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Spending Round 2013: effect on student support in England

July 1, 2013

The 2013 UK government spending round  was announced on 26 June. Maintenance grants in England will be frozen in cash terms in 2015-16, representing a £60m loss to students, and the national scholarship programme in England cut from £150m to £50m, with that funding to be switched entirely to post-graduates.

Strikingly, the reductions to student funding were more clearly described, and further in advance,  in the official UK budget documents than was the case for this autumn’s grant reductions in the Scottish budget process, enabling the media immediately to report the precise effect with technical accuracy 2 years in advance, and to criticise it – as in this Guardian editorial.

The NUS has expressed concern that institutions will withdraw their match funding for student support: “the funding was due to be matched by universities, leading to a total cut in support for undergraduate students of £300 million a year”. The UK budget does not withdraw the matching £150 million from institutions, although they appear to be facing a general reduction in teaching grant of £45m.  So the concern is presumably that without the incentive to put this funding into student support, institutions will channel it elsewhere.  That will presumably depend on how this feeds through into the regulatory system run by the the Office of Fair Access (OFFA).

This OFFA document suggests that prior to the 2013 spending round,  total planned expenditure of access related work by 2016 had been  £809m, of which £298m would be on bursaries and £241m on fee waivers.  So the NSP cut, plus the cash freeze in grants,  will have a significant impact, though the change is less sudden and, bearing in mind that these figures exclude non-repayable grants paid through the Student Loans Company for English students,  less in proportionate terms than the reduction in non repayable support in Scotland this year (likely to be around 25%, although the published documents for Scotland do not allow a precise figure for grant  reductions to be calculated).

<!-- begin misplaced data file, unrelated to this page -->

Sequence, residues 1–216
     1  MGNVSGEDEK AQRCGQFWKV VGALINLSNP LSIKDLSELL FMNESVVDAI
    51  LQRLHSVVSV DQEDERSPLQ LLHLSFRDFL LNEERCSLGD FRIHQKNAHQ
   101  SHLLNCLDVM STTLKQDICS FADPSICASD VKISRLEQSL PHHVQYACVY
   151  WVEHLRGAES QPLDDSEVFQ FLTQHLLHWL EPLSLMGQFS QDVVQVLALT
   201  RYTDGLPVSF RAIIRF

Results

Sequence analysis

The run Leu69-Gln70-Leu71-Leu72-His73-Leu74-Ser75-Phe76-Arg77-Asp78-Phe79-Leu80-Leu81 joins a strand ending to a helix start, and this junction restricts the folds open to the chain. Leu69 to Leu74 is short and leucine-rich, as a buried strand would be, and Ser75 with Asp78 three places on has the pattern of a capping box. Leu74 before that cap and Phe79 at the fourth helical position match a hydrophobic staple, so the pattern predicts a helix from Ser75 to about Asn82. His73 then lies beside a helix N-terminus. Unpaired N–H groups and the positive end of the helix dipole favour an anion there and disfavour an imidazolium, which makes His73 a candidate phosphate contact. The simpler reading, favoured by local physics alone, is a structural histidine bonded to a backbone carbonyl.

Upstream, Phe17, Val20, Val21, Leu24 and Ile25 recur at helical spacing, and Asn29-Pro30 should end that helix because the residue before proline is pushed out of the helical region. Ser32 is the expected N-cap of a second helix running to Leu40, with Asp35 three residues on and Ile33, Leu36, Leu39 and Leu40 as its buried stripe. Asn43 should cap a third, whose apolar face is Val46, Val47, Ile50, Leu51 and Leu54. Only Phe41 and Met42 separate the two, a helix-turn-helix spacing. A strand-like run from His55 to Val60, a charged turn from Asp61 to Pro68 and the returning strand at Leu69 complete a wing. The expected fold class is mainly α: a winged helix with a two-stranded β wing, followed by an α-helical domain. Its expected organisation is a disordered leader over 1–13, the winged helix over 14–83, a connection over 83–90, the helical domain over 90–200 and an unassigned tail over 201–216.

The NUS criticises the reduction in grant support as likely to lead to an increasing reliance on commercial debt, suggesting there is no matching increase planned to student loans (although lost fee waivers will lead more or less automatically to increased student loan borrowing for fees). Certainly, the government document is silent on loans and the main  narrative does not refer to an increased RAB charge.  However, loan costs are noted as being included in the departmental figures in table A.10, where they rise by £1.5bn between 2014-15 and 2015-16.  It is not immediately clear whether that is the same as previously planned or includes some compensation for lost grant. As loan levels are already higher in England, pushing them higher again may of course be regarded as untenable even if it was affordable.

Even allowing for the starting point of higher debt, an account in the Guardian offers an interesting contrast to the relaxed attitude in Scotland  towards replacing grant with loan:  “But Cable, who settled late, made clear to friends that he had to fight hard to see off some “horrid” Treasury ideas about six weeks ago.  One source said: “It was a real list of horrors….They were wanting, in some places, to get rid of student grants and convert them all into loans.”


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